NFL player Brendon Ayanbadejo bravely supports gay marriages
BY RICHARD ROEPER email@example.com March 9, 2011 7:28PM
Updated: September 24, 2012 6:25AM
You want to talk about a tough NFL player, talk about Brendon Ayanbadejo.
The Baltimore Ravens linebacker has posted a video in which he says, in part:
“Right now an important issue in [Maryland] is whether or not to allow gay and lesbian couples who love each other to marry.
“This should not be a subjective issue. Gay and lesbian couples want to marry for similar reasons as we all do: love and commitment. It’s time to allow them the opportunity to build a family through marriage. It’s a matter of fairness . . .
“Churches can always have their beliefs, but government is supposed to treat everyone the same, and that’s equal. America is supposed to be the land of the free, but in order for this to be true for all of us, then we must have the ability to marry whom we love, regardless of their gender . . . Join me in the land of the brave, for standing on the side of love.”
If Elton John or Lady Gaga or Brangelina issue that statement, well, that’s what we’d expect. But to hear it from an NFL linebacker — and this is not the first time Ayanbadejo has stood up for gay marriage — you take notice. Anyone who thinks the NFL locker room culture isn’t less than enlightened about gay rights hasn’t spent any time in an NFL locker room. I’m not saying homophobia runs rampant in football, but I am saying Ayanbadejo is demonstrating a special kind of toughness by being so vocal about his beliefs.
Would the cowardly, anonymous homophobes who still think it’s an insult to call public figures “gay” or worse would ever have the guts to say that to Brendon’s face?
We all know the answer to that.
Caught on tape
You can’t defend the statements made by Ron Schiller, the former NPR executive caught on tape calling the Tea Party “seriously, racist people.”
That’s a dumb, sweeping statement in which an entire movement is painted with one brush. Any liberal or moderate who says, “All Republicans are [fill in the blank],” or, “Every single person in the Tea Party is a [this or that]” is participating in the same sort of stereotyping that liberals are supposed to abhor.
No excusing Schiller’s remarks. None.
But here’s my question about the whole caught-on-tape method: Would any of us be able to withstand the scrutiny if everything we said at work — in small meetings and in one-on-one conversations, at the water cooler, everything — was captured on tape?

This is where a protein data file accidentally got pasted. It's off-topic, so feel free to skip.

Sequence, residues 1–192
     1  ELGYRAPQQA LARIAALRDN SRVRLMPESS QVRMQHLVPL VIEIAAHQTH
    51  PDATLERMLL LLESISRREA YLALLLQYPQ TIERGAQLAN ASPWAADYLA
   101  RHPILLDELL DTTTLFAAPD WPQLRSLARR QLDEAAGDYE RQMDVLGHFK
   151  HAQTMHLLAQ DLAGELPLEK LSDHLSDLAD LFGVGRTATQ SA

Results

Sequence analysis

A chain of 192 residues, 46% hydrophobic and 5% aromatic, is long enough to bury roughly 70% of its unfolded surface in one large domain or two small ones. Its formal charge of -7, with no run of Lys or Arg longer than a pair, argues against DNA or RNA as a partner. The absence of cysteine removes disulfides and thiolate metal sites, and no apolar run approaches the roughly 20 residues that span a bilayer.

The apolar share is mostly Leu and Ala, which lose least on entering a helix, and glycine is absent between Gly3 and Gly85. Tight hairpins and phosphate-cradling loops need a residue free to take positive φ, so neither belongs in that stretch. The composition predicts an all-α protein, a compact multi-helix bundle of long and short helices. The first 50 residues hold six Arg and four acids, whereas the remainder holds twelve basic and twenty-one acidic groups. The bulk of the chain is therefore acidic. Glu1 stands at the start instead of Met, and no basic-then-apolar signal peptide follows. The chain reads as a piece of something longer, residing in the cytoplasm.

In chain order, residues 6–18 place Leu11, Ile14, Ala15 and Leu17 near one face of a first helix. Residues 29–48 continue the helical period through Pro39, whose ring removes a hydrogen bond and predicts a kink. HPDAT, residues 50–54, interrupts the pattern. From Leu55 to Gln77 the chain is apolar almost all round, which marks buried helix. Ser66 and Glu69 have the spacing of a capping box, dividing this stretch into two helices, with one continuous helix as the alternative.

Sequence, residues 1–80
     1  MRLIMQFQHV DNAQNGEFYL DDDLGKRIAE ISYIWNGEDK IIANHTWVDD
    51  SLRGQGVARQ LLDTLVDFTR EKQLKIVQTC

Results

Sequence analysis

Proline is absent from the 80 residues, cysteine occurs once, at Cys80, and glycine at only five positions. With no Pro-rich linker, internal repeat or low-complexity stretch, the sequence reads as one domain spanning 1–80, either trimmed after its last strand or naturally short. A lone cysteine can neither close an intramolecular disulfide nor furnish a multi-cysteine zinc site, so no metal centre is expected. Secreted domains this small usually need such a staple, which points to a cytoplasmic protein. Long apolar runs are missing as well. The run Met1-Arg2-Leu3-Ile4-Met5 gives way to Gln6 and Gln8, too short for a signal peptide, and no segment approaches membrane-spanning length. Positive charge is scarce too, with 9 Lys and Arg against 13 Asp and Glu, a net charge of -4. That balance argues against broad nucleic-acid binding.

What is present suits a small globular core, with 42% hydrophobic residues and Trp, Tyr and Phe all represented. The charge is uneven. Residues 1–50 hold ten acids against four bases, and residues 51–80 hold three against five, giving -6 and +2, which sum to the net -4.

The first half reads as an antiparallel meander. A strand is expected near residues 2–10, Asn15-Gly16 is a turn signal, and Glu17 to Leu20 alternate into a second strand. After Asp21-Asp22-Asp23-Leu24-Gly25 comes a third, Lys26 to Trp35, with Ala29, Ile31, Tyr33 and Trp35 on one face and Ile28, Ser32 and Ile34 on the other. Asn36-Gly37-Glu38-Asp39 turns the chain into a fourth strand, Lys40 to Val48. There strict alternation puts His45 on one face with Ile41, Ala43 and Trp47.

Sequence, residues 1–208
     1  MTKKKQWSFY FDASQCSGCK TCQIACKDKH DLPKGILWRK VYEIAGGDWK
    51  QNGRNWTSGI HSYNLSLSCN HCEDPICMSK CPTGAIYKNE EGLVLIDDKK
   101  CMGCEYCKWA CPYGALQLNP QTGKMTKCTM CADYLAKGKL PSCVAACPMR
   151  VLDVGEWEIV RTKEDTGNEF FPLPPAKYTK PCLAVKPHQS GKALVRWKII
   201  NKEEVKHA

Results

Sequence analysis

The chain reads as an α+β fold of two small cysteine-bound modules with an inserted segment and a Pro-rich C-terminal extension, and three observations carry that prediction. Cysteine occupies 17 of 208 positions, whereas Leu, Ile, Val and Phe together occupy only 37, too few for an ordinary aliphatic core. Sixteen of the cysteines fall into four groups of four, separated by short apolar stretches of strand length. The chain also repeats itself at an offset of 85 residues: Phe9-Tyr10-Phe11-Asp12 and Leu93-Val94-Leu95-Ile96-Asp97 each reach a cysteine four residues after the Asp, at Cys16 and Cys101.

Think about it. Think about what you say to a trusted colleague about the boss — or what you’ve said to a boss about a trusted colleague. Think about all the opinions you’ve offered on the ways of the world, from politics to education to race to sexual orientation to whatever is happening at your place of work, and what it would be like if all of those conversations were made public, uncensored.
I think we’d all be fired. Except there’d be nobody to fire us because all of our bosses would be gone as well.
Walk past a store in Wrigleyville and you’ll see the T-shirts with silk-screened images of Charlie Sheen’s grinning mug and instant catchphrases such as “WINNING” and “GODDESSES.”
Stroll into a popular bar in Old Town and you can order a Tiger’s Blood cocktail — a Bloody Mary with a sake base.
Go online and you can order a pouch of “Tiger’s Blood,” an energy potion with a label that says, “Bi-Winning . . . 100% Passion . . . Take more drugs than anyone can survive . . . Banging 7 gram rocks . . .” (The dark red “Tiger’s Blood” is actually “a delicious fruit punch-flavored energy shot packing 80mg of caffeine.”) Continue Googling and you’ll find vendors selling T-shirts with a rendition of the “Sober Valley Lodge” and slogans such as, “You Can’t Process Me With a Normal Brain,” and “I’ve Got Tiger Blood and Adonis DNA.”
It would have been an upset if there hadn’t been widespread efforts to make a few bucks while eliciting chuckles over a celebrity breakdown so insane it makes Bald Britney Spears and the Attack of the Umbrella seem almost charming. (Almost.)
But before you purchase that wacky T-shirt, you might want to consider where you’re going to wear it. In public? Because my guess if you’re walking around with a T-shirt that proclaims, “Winning!” 9 out of 10 people looking at you are going to think, “Not really you’re not.”
To follow Richard Roeper on Twitter, search for @richardroeper.